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      Abbreviated rules   07/28/2017

      Underdawg did an excellent job of explaining the rules.  Here's the simplified version: Don't insinuate Pedo.  Warning and or timeout for a first offense.  PermaFlick for any subsequent offenses Don't out members.  See above for penalties.  Caveat:  if you have ever used your own real name or personal information here on the forums since, like, ever - it doesn't count and you are fair game. If you see spam posts, report it to the mods.  We do not hang out in every thread 24/7 If you see any of the above, report it to the mods by hitting the Report button in the offending post.   We do not take action for foul language, off-subject content, or abusive behavior unless it escalates to persistent stalking.  There may be times that we might warn someone or flick someone for something particularly egregious.  There is no standard, we will know it when we see it.  If you continually report things that do not fall into rules #1 or 2 above, you may very well get a timeout yourself for annoying the Mods with repeated whining.  Use your best judgement. Warnings, timeouts, suspensions and flicks are arbitrary and capricious.  Deal with it.  Welcome to anarchy.   If you are a newbie, there are unwritten rules to adhere to.  They will be explained to you soon enough.  
Russell Brown

R2AK 2018

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On 1/15/2018 at 1:35 AM, RickW said:

For pedal drives on an 8t catamaran I fitted a combination of Mitrpak boxes to large model aircraft props after observing the buckling issue with a curved shaft.  The eventual fold down drive legs were very effective.  Two people could sustain around 2.5kts. The first year on they gave considerable advantage up the Derwent in light, flukey winds.  In the photo below you can see the pedal drives folded up with the big two bladed prop resting on the seat back.  The first iteration were drop-in drives and there were times when the pedallers could not not slow the prop down to release cleats when they were motor sailing.  The idea of the prop thrusting against the transom then folding up when unloaded was an essential to avoid that condition.

 pretty picture.  

If you want to get into detail on a pedal drive for a specific application it is best to email me:

rickwill@bigpond.net.au

 

Peccadillo_3peaks.png

Wow.  Is that a Chris White Atlantic 46 cat?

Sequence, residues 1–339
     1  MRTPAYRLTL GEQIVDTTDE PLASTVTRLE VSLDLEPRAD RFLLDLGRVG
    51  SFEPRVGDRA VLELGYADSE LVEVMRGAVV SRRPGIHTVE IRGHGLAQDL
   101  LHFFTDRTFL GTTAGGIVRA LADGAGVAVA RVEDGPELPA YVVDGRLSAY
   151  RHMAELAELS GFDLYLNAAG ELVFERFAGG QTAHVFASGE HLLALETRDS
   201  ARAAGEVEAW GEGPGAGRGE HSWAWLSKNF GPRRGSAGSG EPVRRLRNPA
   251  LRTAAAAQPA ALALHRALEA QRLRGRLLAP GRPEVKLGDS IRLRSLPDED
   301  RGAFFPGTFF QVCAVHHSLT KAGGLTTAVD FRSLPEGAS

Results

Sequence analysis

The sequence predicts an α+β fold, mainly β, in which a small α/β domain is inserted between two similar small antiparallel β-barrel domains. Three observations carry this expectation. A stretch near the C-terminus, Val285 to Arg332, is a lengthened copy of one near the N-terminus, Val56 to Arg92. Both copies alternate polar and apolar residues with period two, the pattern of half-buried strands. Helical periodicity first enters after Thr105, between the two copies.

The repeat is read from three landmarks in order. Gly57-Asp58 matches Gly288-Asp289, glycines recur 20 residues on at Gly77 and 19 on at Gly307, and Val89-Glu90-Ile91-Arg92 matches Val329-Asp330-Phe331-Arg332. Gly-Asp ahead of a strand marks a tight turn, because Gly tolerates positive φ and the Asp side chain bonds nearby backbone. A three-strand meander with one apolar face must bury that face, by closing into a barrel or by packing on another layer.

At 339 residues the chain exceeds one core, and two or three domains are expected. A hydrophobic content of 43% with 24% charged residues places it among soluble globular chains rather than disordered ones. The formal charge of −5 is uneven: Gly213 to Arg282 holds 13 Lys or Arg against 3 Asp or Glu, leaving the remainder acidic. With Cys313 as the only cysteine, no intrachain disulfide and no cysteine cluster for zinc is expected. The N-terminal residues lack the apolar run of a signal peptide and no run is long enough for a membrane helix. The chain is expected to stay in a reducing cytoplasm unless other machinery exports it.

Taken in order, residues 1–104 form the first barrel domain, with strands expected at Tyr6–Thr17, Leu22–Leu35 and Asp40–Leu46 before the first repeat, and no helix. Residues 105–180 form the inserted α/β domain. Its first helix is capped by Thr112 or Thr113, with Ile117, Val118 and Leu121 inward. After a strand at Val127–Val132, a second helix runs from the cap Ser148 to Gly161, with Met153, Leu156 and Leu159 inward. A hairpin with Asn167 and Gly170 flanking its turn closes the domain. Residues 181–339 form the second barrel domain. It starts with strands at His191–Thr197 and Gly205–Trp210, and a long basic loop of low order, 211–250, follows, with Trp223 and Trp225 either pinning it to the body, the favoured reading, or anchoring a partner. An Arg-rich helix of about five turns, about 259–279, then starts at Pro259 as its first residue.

And two folks can move it at 2.5 knots sustained under pedals alone?!  To me at least that is freaking amazing.  Its a big boat that is not super light and has lots of windage.

If you don't mind another question, what type of set-up would you recommend for a small trimaran.  Lots of F27s do this race... as well as similar tris. Being an F27 owner and interested in the race I am starting to try to understand my options...

That is amazing stuff you did for Peccadillo... in my ignorance I would not have thought it possible.

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10 hours ago, RickW said:

Russ

I doubt that a curved shaft would be very useful in your set up.  My choice, without gearboxes, would be two toothed belts with a common middle shaft just below the bridge deck that allows the bottom of the leg to flip up sideways.  You can mount 14T pulleys for a T10 industrial belt inside a 50X50 aluminium tube.  Two shorter belts are no more expensive than a single long belt.  A 310T 16mm belt here costs AUD168 While 156T belt costs AUD56.  I usually use 24mm wide belts on crank pulleys bigger than 32T.  These allow maximum power from most adult males.  For pure endurance use the 16mm wide belts are adequate.  The black Twin-8 in earlier links only has 16mm wide belts and it has done more than 1000km including one MR340.

Bicycles have a constraint that these drive legs do not because the rear wheel is on the centreline requiring the chain to be offset.  Although the bicycle parts are convenient they are quite bulky compared with a belt drive or heavy duty chain.  Also the bicycle chainring overhangs the shaft so shaft flexing causes chain misalignment.  To avoid corrosion issues experienced with chains, I tried the Gates carbon drive belt and found the drag on the centre track was horrible.  A standard T10 belt rides off the pulley if the pulley is mounted on a crank arm spider.  That indicates the drag required on flanges to keep the belt on the pulley.  With a toothed belt the pulley can be supported by a bearing either side; meaning shaft flexing does not cause misalignment.  In fact a toothed belt on a properly supported shaft is more efficient than a typical bicycle chain when they are under load.